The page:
Sunday, July 25, 2010

Information Literacy: Why? Selling It to Faculty

crepe myrtle, in bloom on campus

I am perplexed. I am a supporter and a believer when it comes to the value of information literacy. But in trying to promote it recently, and integrate it into a classroom assignment, a professor asked me why. Is there money for information literacy? Is there prestige associated with it? Is there a mandate supporting it?

I am very glad this question has emerged so early in my career, because I think the simple answer to all those questions is no. (Although granted, the Middle States Commission on Higher Education does recognize information literacy as a characteristic of excellence in higher education.)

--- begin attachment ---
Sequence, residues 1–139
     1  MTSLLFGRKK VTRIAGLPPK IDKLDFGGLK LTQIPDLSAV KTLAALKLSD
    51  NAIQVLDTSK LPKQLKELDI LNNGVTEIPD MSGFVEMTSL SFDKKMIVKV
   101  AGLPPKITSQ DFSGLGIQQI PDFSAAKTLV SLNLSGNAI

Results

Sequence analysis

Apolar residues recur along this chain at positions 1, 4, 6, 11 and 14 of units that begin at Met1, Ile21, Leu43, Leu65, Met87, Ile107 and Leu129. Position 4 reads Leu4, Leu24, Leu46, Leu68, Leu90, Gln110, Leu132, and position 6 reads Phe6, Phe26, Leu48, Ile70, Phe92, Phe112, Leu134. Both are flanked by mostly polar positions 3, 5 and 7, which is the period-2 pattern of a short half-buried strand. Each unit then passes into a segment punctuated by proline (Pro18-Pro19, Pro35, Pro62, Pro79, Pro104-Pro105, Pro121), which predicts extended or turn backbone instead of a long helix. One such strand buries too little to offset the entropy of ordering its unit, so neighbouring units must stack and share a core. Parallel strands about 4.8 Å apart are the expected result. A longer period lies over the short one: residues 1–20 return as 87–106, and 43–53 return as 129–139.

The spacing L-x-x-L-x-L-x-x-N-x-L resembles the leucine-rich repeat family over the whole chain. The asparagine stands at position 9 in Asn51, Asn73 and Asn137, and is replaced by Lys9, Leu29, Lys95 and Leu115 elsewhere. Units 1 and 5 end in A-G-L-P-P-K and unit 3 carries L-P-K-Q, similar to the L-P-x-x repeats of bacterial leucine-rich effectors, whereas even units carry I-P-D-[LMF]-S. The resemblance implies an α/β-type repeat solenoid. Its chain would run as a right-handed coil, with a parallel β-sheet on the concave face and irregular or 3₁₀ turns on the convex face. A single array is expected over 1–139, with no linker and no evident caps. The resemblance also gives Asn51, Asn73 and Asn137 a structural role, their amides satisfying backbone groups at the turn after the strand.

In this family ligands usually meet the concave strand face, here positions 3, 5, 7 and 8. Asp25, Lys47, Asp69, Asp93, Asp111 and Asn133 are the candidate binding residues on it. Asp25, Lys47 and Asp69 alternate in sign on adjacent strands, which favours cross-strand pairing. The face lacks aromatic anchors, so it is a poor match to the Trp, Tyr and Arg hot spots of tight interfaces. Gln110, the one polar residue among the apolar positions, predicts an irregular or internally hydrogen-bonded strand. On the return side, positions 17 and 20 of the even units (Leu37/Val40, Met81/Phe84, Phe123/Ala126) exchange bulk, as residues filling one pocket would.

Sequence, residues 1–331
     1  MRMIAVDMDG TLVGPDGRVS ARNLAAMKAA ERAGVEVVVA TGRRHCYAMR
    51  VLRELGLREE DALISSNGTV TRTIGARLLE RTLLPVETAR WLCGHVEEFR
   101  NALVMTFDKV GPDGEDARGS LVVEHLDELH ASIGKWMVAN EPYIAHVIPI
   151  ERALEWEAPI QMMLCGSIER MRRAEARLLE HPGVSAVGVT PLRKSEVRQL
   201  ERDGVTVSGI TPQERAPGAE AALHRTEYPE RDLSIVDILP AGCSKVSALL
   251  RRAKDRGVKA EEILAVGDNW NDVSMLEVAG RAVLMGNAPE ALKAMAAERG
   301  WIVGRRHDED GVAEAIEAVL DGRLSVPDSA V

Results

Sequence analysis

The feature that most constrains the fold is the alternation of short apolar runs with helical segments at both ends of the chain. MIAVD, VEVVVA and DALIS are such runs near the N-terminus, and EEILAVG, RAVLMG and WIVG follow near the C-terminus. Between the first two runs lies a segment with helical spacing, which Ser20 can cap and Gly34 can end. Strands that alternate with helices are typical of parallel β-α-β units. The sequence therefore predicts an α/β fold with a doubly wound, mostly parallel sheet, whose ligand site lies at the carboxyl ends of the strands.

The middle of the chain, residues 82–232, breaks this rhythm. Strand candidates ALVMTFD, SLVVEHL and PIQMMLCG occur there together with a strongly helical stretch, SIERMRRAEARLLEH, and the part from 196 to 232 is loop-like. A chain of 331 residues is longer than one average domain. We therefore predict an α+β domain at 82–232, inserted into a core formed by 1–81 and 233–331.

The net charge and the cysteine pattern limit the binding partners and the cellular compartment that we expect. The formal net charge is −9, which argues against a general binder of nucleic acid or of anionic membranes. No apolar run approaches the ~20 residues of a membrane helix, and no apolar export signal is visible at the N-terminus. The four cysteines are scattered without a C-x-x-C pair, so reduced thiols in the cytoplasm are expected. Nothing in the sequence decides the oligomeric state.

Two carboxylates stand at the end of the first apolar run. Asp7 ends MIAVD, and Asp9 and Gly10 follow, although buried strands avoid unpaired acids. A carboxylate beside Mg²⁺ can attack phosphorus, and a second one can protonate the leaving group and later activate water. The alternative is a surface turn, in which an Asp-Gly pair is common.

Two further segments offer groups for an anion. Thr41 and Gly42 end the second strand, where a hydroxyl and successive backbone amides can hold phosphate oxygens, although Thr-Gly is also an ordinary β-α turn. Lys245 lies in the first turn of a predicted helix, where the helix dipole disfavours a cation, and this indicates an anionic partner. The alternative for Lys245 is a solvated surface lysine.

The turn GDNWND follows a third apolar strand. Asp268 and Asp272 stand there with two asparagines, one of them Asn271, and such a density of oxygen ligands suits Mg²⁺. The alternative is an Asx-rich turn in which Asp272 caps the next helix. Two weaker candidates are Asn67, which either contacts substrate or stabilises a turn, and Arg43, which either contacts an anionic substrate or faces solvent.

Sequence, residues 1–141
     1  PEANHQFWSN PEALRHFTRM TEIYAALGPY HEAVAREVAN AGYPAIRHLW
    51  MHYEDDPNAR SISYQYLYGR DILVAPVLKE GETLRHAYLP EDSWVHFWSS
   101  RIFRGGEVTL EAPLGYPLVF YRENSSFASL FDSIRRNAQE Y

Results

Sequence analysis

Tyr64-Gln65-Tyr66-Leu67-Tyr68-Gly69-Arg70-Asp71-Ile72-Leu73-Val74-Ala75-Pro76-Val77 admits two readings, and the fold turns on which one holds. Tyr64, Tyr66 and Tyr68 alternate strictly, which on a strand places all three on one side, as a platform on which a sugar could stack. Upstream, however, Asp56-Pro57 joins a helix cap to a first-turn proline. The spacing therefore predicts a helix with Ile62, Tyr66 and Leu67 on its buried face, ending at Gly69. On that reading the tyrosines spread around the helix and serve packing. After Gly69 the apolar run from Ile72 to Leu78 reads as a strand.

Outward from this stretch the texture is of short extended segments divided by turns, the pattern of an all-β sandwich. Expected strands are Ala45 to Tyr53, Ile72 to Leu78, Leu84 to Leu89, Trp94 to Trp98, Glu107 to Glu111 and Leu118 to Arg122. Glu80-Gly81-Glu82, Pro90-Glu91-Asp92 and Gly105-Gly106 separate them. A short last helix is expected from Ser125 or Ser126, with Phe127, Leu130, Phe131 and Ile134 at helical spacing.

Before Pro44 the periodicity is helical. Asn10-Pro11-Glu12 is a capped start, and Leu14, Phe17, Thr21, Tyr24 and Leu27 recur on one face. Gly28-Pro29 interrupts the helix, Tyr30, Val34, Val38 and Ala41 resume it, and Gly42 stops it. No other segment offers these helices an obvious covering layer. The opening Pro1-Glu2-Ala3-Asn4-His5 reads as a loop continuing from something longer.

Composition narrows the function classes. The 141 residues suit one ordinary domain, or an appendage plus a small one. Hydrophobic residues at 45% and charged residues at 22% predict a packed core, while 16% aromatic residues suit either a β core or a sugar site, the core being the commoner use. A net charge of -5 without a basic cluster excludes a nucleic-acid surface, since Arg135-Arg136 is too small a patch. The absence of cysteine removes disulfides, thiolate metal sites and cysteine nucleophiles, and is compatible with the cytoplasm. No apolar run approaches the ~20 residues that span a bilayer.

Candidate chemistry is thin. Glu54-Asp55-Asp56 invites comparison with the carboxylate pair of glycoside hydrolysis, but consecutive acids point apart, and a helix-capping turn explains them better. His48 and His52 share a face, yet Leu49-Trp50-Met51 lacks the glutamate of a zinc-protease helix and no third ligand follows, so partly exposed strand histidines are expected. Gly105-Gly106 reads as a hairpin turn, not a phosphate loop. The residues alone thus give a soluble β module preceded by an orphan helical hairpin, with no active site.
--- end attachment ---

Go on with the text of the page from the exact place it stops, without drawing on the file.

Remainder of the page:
I know that information literacy proponents are highly organized, locally and beyond, and that it is ready for assessment. I know that in the state of New Jersey, information literacy can count toward a Technology credit for transfer from a community college to another institution in the General Education curriculum. And information literacy is getting national attention and support.

However, is there any research I can point to that clearly demonstrates its value? So far I have been unable to find studies showing its benefits. It makes intuitive sense to think that information literacy is good for higher-level teaching and learning, but there are plenty of things that are theoretically good for teaching and learning that don't make it into the classroom.

From where I sit, as a non-faculty instruction librarian, the best I can do is offer my services to support faculty in their teaching. Offering my skills and knowledge in order to collaborate may be the most useful thing I can do, whether or not I make a point of mentioning the phrase information literacy.

No comments:

Post a Comment